A crewman has died after being injured in a fire on a Canadian submarine which has left it drifting in the Atlantic.
It could take three days to tow the sub back. Pic courtesy of the RAF
Lt Chris Saunders was one of three men flown to hospital in the Irish Republic from HMCS Chicoutimi on Wednesday. The others are said to be stable.
A tug has joined two Royal Navy ships trying to rescue the submarine, which still has 54 crew members on board.
Another tug is due to arrive later but bad weather means it might be Friday before the submarine can be towed.
Canada's Prime Minister Paul Martin paid tribute to Lt Saunders, 32, a married father of two, saying he "gave his life serving his country and we owe his family our deepest condolences".
The combat systems engineer was one of nine crew members who had suffered from smoke inhalation during the fire on Tuesday afternoon.
A Royal Navy helicopter was flying three men to Londonderry in Northern Ireland, but had to divert to Sligo in the Irish Republic when Lt Saunders's condition deteriorated.
"A medical decision based on his condition was taken to put down in Sligo," a spokesman said. "The helicopter landed as quickly as it could."
The remaining crew are said to be in "good" health and a vessel carrying food, fuel and a medical team has reached the submarine.
It has no engine power and is drifting at a rate of one to two knots in a south-to-south-easterly direction 100 miles (160km) off Ireland's west coast.
The fire started in an electrical panel in a passageway in the HMCS Chicoutimi, which is not nuclear-powered or carrying nuclear warheads.
It was on its way back to Nova Scotia from the Scottish base of Faslane, after being sold by the Royal Navy and handed over on Saturday.
Formerly the HMS Upholder, the sub was renamed after a Quebec city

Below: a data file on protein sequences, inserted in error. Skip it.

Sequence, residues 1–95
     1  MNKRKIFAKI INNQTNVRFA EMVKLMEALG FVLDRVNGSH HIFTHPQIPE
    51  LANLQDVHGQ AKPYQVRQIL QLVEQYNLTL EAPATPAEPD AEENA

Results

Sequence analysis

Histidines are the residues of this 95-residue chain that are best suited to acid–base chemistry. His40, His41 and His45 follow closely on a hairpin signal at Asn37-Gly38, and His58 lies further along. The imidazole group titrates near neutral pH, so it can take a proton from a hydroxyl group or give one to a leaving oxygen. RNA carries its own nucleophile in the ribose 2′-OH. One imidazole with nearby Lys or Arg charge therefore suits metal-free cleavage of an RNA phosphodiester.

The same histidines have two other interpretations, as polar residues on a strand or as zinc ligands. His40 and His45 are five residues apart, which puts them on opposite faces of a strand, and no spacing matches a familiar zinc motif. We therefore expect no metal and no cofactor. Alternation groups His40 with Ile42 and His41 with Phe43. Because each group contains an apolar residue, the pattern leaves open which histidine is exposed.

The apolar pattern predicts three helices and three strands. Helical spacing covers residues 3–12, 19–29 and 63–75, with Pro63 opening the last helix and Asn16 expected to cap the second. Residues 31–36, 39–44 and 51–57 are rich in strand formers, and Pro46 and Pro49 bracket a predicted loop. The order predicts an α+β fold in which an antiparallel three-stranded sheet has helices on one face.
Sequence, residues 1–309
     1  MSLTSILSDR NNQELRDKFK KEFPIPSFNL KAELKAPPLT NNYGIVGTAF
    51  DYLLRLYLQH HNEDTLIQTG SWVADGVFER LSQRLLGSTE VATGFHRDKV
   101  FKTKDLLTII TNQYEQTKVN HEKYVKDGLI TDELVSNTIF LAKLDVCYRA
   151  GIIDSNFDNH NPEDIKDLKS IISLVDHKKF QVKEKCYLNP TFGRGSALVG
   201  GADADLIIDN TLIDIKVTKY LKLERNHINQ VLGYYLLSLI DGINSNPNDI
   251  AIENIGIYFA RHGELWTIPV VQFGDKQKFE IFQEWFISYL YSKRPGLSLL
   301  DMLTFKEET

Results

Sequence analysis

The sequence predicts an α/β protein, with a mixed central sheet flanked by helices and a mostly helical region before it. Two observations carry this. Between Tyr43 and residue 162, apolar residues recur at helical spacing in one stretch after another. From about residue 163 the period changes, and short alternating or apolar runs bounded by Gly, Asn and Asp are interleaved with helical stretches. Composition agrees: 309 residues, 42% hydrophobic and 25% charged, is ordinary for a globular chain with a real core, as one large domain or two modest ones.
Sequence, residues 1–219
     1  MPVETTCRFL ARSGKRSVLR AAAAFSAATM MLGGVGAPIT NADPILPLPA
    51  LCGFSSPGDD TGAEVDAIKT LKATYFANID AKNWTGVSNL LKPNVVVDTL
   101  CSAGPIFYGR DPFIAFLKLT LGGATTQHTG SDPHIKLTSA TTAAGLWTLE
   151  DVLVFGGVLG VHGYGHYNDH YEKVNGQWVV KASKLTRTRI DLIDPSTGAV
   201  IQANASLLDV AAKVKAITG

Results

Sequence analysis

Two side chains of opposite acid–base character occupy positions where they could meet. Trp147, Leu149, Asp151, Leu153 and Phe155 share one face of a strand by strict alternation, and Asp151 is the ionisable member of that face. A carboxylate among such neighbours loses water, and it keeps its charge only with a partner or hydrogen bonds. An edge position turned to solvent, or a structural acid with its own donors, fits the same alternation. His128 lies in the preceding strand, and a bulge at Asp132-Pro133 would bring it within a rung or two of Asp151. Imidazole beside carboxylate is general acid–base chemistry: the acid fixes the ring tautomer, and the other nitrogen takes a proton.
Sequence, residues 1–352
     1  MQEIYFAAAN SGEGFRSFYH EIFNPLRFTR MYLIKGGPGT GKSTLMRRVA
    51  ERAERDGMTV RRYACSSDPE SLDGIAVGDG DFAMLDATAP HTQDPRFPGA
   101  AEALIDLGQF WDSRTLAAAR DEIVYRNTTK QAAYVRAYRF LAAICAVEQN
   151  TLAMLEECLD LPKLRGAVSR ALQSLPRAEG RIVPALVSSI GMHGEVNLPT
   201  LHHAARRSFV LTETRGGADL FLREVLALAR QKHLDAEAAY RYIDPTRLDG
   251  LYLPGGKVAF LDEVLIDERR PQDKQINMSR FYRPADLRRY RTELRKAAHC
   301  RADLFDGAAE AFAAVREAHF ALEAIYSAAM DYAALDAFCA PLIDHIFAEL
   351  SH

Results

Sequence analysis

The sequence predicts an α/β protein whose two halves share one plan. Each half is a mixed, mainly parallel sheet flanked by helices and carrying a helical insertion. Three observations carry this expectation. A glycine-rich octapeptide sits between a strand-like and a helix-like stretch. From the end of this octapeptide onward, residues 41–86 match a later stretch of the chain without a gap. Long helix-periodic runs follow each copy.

Type: Long-range diesel-electric patrol submarine
Displacement: 2,185 tons (surf.), 2,400 tons (sub.)
Length: 70.26 metres
Speed: 12 kts (surf.), 20 kts (sub.)
Patrol Endurance: approx 8 weeks
Complement: 48 crew, 5 trainees
Diving Depth: 200 metres
It is one of four submarines the Canadians have bought from the Royal Navy - all of which are said to have had technical difficulties.
If its engines cannot be restarted, it is likely to be towed back to Scotland.
But Irish Marine Minister Pat Gallagher has said the vessel has drifted south of Eagle Island off the Mayo coast, with the Irish search and rescue zone.
"If we get a formal request from the Canadian authorities we will immediately
assess its stability, integrity and the welfare of the crew," he said.
"The ideal situation would be to tow it back to the Clyde, but I am advised
that might not happen depending on the weather."
The first Royal Navy rescue ship, HMS Montrose, arrived at about 1330 BST on Wednesday, followed by the HMS Marlborough and the Royal Fleet Auxiliary's Wave Knight - carrying food and fuel and with a medical team.
One tug, the Anglian Prince arrived on Thursday morning and a second, the Carolyn Chouest, is expected later, along with supply ship RFA Argus.
But Lt Cdr Denise Laviolette, of the Canadian Navy, said it might be Friday before they could get a tow line to the submarine.
She said: "We still have six-to-eight metre waves and 35 knots winds - so it is still pretty much a gale."
The damage to the submarine is said to be more extensive than first thought.
Commander of the Canadian Atlantic fleet, Commodore Tyrone Pile, said two fires had broken out causing damage which had prevented them from restoring the submarine's power propulsion system.
"Significant damage" was also caused to the commanding officer's cabin and the electrical equipment room, on separate decks.
Captain Steve Upright, from the Faslane base, told BBC News 24 the submarine, formerly known as HMS Upholder, had been examined and declared fit before being handed over.
And Captain Finney said: "The early indications of the situation on board Chicoutimi [are] that the problem is nothing to do with any technical aspect, the design or build."